Our goal here was to achieve quality movement patterns, re-adjust to the mound, and do video analysis, which we then compared to their flatground Plyo Ball ® work as well as video taken from bullpens in the fall season.
Recently we threw our first Mound Velo Session, and the results were pretty good I’d say:
The focus was simple, pure, unfiltered, and unadulterated intent. That was the name of the game. Athletes threw ten-to-fifteen pitches in three different sets at 100% RPE. We paired them up with a partner for competition and they alternated sets. After getting one-to-two throws at 75-80% RPE, they let it fly.
We set up a net 30 feet from the mound. No Target. No Hitter in the box. Just a net to take their frustration out on and a radar gun bearing judgment.
For more info on how to utilize Mound Velos not just as a training tool but as an in-season asset, check out Travis Hergert’s article on Max Intent Bullpens.
I can’t stress enough the importance of video analysis here too. I encourage you to compare video not only taken at different points throughout the year (fall vs. spring) but also at different intent levels. If Movement Patterns aren’t as efficient as you’d like, don’t freak out and abandon ship. Modify, tweak, and alter that specific athlete’s training program. Maybe he needs a different or more specific focus (e.g., glove side action, front leg blocking, leveraging his trunk, which are all apart of movement specific Hacking the Kinetic Chain programs).
The last piece to our blend program is command training. With the climbing swing-and-miss rates at the highest level of baseball, we put together a command program similar to what you would find in the updated content of Hacking the Kinetic Chain.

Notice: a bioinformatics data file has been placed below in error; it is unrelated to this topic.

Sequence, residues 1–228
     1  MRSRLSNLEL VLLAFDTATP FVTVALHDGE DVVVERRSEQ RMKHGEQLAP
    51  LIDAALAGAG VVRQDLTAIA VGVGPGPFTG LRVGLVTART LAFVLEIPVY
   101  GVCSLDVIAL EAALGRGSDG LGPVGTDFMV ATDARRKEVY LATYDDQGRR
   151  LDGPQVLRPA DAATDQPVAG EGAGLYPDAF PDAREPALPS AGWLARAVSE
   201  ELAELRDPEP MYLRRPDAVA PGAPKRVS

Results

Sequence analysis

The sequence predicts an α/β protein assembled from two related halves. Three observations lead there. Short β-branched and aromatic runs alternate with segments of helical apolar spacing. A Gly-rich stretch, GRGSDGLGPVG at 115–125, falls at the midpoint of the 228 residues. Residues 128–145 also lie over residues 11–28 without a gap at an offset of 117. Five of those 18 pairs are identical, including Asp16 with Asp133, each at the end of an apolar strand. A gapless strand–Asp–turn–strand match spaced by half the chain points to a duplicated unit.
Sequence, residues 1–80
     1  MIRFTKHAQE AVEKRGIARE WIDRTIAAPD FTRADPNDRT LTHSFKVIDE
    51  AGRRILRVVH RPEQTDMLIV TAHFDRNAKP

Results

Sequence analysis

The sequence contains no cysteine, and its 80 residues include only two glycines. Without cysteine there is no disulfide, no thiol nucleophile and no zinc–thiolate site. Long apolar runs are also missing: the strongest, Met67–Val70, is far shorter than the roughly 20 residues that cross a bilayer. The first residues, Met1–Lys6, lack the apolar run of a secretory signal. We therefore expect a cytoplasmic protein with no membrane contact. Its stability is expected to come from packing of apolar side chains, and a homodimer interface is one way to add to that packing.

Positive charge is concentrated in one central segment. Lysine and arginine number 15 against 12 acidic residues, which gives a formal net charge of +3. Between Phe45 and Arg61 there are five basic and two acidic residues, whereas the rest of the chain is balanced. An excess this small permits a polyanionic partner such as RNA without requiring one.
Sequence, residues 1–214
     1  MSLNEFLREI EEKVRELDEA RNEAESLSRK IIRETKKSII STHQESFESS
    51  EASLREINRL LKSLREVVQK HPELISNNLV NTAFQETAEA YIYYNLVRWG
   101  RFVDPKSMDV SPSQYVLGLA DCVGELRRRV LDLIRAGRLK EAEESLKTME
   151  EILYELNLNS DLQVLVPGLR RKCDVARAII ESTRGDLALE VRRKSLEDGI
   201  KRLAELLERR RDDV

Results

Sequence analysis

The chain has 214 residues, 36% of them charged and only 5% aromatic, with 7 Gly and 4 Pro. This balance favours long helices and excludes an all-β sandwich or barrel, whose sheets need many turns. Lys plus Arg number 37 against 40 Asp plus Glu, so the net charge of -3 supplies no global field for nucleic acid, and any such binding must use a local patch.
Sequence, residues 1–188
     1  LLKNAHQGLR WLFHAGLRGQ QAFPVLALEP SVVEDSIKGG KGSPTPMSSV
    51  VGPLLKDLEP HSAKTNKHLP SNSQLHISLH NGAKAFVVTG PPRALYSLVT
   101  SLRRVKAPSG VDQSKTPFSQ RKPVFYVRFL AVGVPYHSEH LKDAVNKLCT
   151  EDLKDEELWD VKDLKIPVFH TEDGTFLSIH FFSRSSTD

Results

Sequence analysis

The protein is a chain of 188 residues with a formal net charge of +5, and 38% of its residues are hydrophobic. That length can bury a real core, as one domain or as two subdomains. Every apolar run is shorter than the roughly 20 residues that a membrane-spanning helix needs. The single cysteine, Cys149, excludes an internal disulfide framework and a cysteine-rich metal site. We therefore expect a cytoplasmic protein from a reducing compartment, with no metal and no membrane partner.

Each athlete throws anywhere from 15-20 flat ground throws to a target using a variation of weighted balls as well as different desired locations. What we’re doing here is asking the athlete to produce the same result while alternating the stimulus.
After all, almost each and every pitch thrown in a game is a different situation—a different hitter, different count, different pitch type. Are there runners on base, are you in the stretch, in the windup? What inning is it? What’s the score? The list of scenarios in this game are endless—one of the things that make it great.
But regardless of what the situation, stimulus, or scenario is, we ask our athletes to produce the same result: strikes. So how do we train that? We’re indoors, without cleats, without dirt, without fans and jeering benches. What we do is we alter the implement. Throw to throw, pitch to pitch, and we chart the results.
We do all this prior to ever throwing to hitters, and even then I highly doubt that any of of our athletes will throw north of 40 pitches. In my mind, 80-100 pitch bullpens aren’t what get an athlete ready for game one. Rather, it’s translating their flat ground movements to the slope as well as their intent from high-output exercises like pulldowns, and of course, their feel for commanding the strike zone.
We do all this in an attempt to re-adjust to the mound and prepare the athlete to compete on opening day. But more importantly, we want them to be at their best when it really matters, in-conference and in-region games. This blending program allows us to do that.
Movement Patterns, Intent and Command. Those are the makings of truly effective mound work.
We’ve published other articles that are directed towards coaching, check them out here!